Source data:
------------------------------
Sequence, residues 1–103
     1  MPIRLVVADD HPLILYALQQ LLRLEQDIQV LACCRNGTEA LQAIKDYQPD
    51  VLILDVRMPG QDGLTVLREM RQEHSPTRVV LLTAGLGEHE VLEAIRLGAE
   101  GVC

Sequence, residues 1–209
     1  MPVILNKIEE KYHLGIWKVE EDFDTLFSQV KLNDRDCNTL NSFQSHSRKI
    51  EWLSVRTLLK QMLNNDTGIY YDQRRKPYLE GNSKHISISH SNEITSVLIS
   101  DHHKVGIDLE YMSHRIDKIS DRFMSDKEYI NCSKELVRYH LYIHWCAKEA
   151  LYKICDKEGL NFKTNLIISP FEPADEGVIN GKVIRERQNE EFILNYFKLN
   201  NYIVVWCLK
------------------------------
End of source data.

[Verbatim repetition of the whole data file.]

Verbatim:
Sequence, residues 1–103
     1  MPIRLVVADD HPLILYALQQ LLRLEQDIQV LACCRNGTEA LQAIKDYQPD
    51  VLILDVRMPG QDGLTVLREM RQEHSPTRVV LLTAGLGEHE VLEAIRLGAE
   101  GVC

Sequence, residues 1–209
     1  MPVILNKIEE KYHLGIWKVE EDFDTLFSQV KLNDRDCNTL NSFQSHSRKI
    51  EWLSVRTLLK QMLNNDTGIY YDQRRKPYLE GNSKHISISH SNEITSVLIS
   101  DHHKVGIDLE YMSHRIDKIS DRFMSDKEYI NCSKELVRYH LYIHWCAKEA
   151  LYKICDKEGL NFKTNLIISP FEPADEGVIN GKVIRERQNE EFILNYFKLN
   201  NYIVVWCLK